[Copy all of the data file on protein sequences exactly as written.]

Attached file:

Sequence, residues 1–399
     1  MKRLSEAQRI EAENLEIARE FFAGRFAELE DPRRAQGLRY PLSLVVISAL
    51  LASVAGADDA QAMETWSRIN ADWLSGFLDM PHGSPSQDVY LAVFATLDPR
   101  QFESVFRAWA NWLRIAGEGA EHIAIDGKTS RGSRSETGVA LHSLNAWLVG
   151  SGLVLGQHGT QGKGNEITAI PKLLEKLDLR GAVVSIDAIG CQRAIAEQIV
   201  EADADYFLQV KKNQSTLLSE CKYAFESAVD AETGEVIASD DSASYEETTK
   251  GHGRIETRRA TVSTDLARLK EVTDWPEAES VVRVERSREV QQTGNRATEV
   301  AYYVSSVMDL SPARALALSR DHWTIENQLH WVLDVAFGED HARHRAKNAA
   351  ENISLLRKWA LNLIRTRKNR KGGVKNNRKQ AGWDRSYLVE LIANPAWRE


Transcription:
Sequence, residues 1–399
     1  MKRLSEAQRI EAENLEIARE FFAGRFAELE DPRRAQGLRY PLSLVVISAL
    51  LASVAGADDA QAMETWSRIN ADWLSGFLDM PHGSPSQDVY LAVFATLDPR
   101  QFESVFRAWA NWLRIAGEGA EHIAIDGKTS RGSRSETGVA LHSLNAWLVG
   151  SGLVLGQHGT QGKGNEITAI PKLLEKLDLR GAVVSIDAIG CQRAIAEQIV
   201  EADADYFLQV KKNQSTLLSE CKYAFESAVD AETGEVIASD DSASYEETTK
   251  GHGRIETRRA TVSTDLARLK EVTDWPEAES VVRVERSREV QQTGNRATEV
   301  AYYVSSVMDL SPARALALSR DHWTIENQLH WVLDVAFGED HARHRAKNAA
   351  ENISLLRKWA LNLIRTRKNR KGGVKNNRKQ AGWDRSYLVE LIANPAWRE